If you love traditional Mexican cuisine, you’ll want to stock up on chile Pasilla. This guide explains everything you need to know about cooking and growing this beloved Mexican pepper. Let’s start by describing the flavors of this dried chile so that you know how to use it (and make a quick Pasilla pepper sauce), plus get tasty substitutions for when you need them.
CHILE PASILLA FACTS:
|Common Names:||chile Negro, Mexican Negro, Pasilla Bajio, Pasilla chile, Pasilla pepper|
|Chile Pasilla Pronunciation:||chee·leh pah·see·yah|
|Scoville Heat Units (SHU):||1,000 to 2,500|
|Days To Harvest:||70 to 80 days|
|Size:||Plants:up to 3 feet tall. Peppers: 6 to 9-inch pods and up to 2 inches wide|
|Flavor:||slightly fruity, smoky, earthy|
|Culinary Uses:||Mexican cuisine, mole sauce, birria soups and stews|
What Is Chile Pasilla?
Chile Pasilla is the dried form of the Chilaca pepper, which grows green and turns dark brown when mature. Once dried, the now Pasilla chile takes on a black shade and has a wrinkly texture.
Like Poblano peppers, the Pasilla (chile Negro) is believed to be native to Mexico in the Puebla region. This is also one of the locations where mole sauces are created — in fact, the Pasilla pepper is one of the chiles found in a traditional mole sauce.
As for the smell, the Pasilla chile has a fruity aroma resembling a raisin. That, coupled with the dark, wrinkly texture, is why chile Pasilla is known as the “little raisin” pepper in English.
In addition to chile Pasilla, there’s Pasilla de Oaxaca — the smoked version of this pepper. Pasilla de Oaxaca has its differences: higher heat level, complex smoky flavor, and commonly used in Oaxacan moles and dishes. It’s also harder to find.
What Does Pasilla Chile Taste Like?
Pasilla chiles are naturally earthy with notes of raisins and berries. If you’ve tasted an Ancho pepper, you’ll notice similarities except that chile Pasilla is not as sweet and somewhat spicier.
The Pasilla pepper flavor pairs well with foods like fruits, chocolate, honey, red meat, seafood, and mushrooms.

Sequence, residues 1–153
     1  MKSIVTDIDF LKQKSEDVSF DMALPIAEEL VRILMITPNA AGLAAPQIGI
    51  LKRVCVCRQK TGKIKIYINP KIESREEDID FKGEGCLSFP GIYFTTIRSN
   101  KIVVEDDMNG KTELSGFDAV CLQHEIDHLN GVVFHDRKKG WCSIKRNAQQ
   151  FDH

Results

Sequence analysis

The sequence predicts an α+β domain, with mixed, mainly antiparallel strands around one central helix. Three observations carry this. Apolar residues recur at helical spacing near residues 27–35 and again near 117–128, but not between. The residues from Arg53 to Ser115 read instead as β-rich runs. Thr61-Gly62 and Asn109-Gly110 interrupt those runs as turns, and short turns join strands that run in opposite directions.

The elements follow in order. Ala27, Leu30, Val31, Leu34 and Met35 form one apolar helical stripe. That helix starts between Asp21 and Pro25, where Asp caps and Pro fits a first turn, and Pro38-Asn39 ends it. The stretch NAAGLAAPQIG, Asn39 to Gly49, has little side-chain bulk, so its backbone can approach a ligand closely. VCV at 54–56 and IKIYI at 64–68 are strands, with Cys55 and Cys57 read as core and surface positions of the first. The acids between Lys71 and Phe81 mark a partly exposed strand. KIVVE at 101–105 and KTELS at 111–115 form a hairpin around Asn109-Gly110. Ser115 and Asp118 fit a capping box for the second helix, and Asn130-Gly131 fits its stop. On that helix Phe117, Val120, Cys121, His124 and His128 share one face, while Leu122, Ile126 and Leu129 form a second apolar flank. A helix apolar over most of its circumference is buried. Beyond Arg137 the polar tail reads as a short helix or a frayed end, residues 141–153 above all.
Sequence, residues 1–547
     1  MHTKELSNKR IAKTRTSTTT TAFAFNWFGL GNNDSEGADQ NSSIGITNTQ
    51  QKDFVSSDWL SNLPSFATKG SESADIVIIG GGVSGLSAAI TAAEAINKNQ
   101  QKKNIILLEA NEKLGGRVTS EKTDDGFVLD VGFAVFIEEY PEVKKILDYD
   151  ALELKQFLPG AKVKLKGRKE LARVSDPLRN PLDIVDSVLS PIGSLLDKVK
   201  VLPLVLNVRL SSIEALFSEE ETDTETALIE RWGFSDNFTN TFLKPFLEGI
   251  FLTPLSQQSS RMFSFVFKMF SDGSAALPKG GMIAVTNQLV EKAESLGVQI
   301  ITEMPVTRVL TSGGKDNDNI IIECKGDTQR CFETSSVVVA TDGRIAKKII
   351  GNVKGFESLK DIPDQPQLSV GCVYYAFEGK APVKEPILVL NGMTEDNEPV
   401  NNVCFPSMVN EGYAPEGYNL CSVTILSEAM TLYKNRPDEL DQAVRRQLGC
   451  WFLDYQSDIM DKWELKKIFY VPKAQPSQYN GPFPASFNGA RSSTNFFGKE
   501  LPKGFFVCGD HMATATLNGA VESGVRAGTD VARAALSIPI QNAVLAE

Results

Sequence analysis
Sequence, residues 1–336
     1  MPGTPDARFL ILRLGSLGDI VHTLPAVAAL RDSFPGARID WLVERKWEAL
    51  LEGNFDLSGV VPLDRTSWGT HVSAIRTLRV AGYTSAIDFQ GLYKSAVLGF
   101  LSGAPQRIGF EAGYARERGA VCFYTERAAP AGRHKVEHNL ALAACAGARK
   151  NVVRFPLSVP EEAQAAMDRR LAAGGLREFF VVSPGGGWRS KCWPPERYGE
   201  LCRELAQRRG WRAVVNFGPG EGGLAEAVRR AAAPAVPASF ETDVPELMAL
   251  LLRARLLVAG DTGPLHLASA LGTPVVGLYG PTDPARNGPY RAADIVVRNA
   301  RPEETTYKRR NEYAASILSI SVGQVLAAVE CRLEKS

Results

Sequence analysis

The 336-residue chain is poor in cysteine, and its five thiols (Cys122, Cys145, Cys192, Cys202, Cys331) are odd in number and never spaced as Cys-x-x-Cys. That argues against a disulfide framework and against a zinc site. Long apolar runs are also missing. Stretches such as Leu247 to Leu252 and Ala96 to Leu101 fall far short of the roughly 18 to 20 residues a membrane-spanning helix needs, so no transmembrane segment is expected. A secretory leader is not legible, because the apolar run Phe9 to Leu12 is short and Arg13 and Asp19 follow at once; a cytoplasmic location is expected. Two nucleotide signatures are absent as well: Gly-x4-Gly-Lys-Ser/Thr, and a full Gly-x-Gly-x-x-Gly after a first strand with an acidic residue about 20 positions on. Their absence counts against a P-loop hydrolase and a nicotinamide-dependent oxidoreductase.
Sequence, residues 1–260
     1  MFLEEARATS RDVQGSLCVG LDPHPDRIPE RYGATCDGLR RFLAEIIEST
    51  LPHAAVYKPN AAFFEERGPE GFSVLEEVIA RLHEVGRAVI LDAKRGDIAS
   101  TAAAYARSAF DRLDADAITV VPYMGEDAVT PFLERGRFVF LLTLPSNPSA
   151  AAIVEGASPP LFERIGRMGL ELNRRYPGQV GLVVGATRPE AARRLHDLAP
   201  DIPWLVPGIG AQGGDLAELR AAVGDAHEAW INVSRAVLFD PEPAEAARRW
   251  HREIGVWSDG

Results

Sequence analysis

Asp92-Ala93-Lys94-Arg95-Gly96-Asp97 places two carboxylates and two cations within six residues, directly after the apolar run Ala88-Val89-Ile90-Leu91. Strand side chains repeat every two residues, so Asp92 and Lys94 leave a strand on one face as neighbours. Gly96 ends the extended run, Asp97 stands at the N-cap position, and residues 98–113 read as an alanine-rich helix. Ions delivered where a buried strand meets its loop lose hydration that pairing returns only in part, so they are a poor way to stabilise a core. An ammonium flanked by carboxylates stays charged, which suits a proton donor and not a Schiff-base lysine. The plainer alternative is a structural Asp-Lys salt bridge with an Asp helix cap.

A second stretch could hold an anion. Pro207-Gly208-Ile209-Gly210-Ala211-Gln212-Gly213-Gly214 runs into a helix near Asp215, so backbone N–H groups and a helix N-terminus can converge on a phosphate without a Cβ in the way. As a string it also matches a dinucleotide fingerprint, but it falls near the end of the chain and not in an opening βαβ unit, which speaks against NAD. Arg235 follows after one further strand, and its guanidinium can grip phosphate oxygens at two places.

Pasilla Pepper Heat
A Pasilla chile registers between 1,000 and 2,500 on the Scoville scale — the measurement of spiciness in peppers noted as Scoville Heat Units (SHU). The Pasilla pepper rating means it’s a little warm, but not hot.
In comparison, the Jalapeno Scoville falls between 2,500 and 8,000 SHU, which makes dried Pasilla chile similar in heat to the mildest Jalapeno.
Pasilla pepper vs other chiles:
- The Guajillo pepper is mild, yet slightly hotter than the Pasilla chile at 2,500 and 5,000 SHU.
- Chile Poblano has less heat than chile Pasilla at 1,000 to 1,500 SHU. The Poblano can also be eight times milder than a Jalapeno.
- Chile Ancho (the dried red version of the Poblano) and the Pasilla pepper have the potential to be the same heat. With the Ancho pepper ranging from 1,000 to 1,500 SHU, the Pasilla can be slightly spicier.
- Likewise, a Mulato pepper (a dried brown Poblano) at 1,000 to 1,500 SHU is also milder than Pasilla with a more smoky taste and chocolate undertones.
As you might suspect, Ancho chiles and Mulato peppers make great Pasilla pepper substitutes. (More on that below.)
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How To Use Pasilla Peppers
Dried Pasilla chiles are essential in making mole Poblano and mouthwatering dishes like birria (pictured) found in Mexican cuisine. These peppers are also delicious in enchilada sauce, soups, and salsas because they add intense flavor.
Chile Pasilla recipes typically require that you rehydrate the peppers before pureeing and adding to foods. You can even use the water you soaked the pepper in to add even more of a fruity and sweet punch.
Dried Pasilla makes excellent flakes or chili powder where you don’t need a a spicy heat, but want to add smoky, sweet flavors to your dishes and condiments.
- Cooking Oil of Choice